Saturday, December 5, 2015

Fundamentalism Its Own Religion?

I have been reading David Brooks of the New York Times writing about the Religion of Fundamentalism. Almost all religions have their own fundamentalist groups. They have so much in common that they could be their own religion. I do not mean to paint all people who identify themselves as fundamentalist with the same brush, but most follow the same pattern.

Christian, Jewish, Muslim, Buddhist or Hindi fundamentalists see themselves as the "True Faith." They are literalist and are not tolerant of any one who does not think like they do. They lack compassion for those who are different and unwilling to convert. Often, they are willing to kill those who are different, seeing them as a threat to the true religion. Quite often they attack members of their own faith who are moderate.

As one who has studied world religions, it appears to me that fundamentalists become so ridged that they wind up going against the founder of their faith in order to promote the narrow view of their particular group. The preaching of hate and killing in the name of god must be countered by faithful people of all religions who know that the true faith preaches love God, love others, and get the word out.


  1. The pragmatist in my says, "Yes, kick the fundamentalists out of the Christian boat so everyone else in the religion can get on with being normal, good people." I am, after all, happy for every Christian who is willing to eschew literalism for reason and temper fervor with compassion. When I talk to my non-fundamentalist Christian and Muslim friends, they tend to have vastly more in common with me in terms of philosophy, outlook and ethical judgement than they have with their fundamentalist peers, so a case can certainly be made that we could reasonably re-partition religious identities between "fundamentalists" and "everyone else".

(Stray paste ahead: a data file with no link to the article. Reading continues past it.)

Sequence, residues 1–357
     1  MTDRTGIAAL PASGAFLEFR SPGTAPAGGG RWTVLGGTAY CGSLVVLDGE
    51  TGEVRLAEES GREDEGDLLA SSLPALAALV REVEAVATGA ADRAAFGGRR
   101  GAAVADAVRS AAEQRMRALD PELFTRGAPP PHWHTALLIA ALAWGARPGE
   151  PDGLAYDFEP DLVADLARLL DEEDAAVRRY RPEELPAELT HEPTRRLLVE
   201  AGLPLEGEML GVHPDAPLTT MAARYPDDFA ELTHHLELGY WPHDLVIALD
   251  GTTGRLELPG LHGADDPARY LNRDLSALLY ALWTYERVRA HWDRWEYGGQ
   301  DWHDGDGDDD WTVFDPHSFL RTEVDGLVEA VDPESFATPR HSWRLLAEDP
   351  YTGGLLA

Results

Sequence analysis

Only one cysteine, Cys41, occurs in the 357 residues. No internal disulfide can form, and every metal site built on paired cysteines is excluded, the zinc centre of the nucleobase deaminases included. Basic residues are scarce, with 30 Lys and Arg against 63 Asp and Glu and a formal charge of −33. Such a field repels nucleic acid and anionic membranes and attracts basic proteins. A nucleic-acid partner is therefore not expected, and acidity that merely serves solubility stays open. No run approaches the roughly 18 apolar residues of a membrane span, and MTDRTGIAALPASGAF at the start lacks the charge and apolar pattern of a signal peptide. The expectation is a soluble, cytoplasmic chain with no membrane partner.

But at the same time, the rationalist in me says this is a No True Scotsman fallacy ( ) and entertaining it has some serious consequences. First, it can lead one to write-off people who come to fundamentalism from an honest place, which does everyone a disservice if we fail to engage them using the arguments that we ourselves find convincing. Especially since this kind of theological amputation mutes the spectrum of religious belief that might make one person more reachable than another. Also, it's worth noting that fundamentalism is a perfectly valid expression of any religion, even if it is neither practical nor in the service of human wellbeing. They are using the same holy book, same teachings and stories, just editorializing differently (everyone editorializes). Pretending this is otherwise could have the effect of allowing moderates withing that religion to abdicate their moral responsibility to acknowledge and challenge both the extremist elements withing that religion as well as the problematic elements of that religion's essential teachings.

    Reza Aslan is a good example of how this can go wrong. He is a liberal Muslim and western scholar who is unintentionally giving cover to both extremism and some of the most fundamental problems with Islam today by pretending that Islamic extremism isn't a problem born of Islam or its teachings, but is a sociopolitical phenomenon separate from Islam. Besides being plainly false, this is a perfect example of the "No True Scotsman" fallacy. He likes to say things like, "The womens rights issues in Saudi Arabia are a Saudi problem, not a problem with Islam. Look at Bangladesh, which has had a female PM for 24 years," ignoring the fact that Saudi Arabia is a theocratic monarchy and their policy on women's rights is based more closely on Quranic law than Bangladesh's secular government's policy. He is also ignoring the fact that things get worse for women and non-Muslims as these countries become less secular. Also ignoring the fact that the Bengali government has been systematically ignoring a reign of murderous terror against atheists in that country at the hands of mechette-wielding extremists for the past 2 years. Mr. Aslan would have us believe that Islam plays no role in either Saudi women's problems or Bengali atheists' problems, that Muslims have no responsibility to push back against this problem because it's not a "Muslim problem," and that is a moral travesty of the highest order.

    Sorry for the length, this post just really got me thinking. :)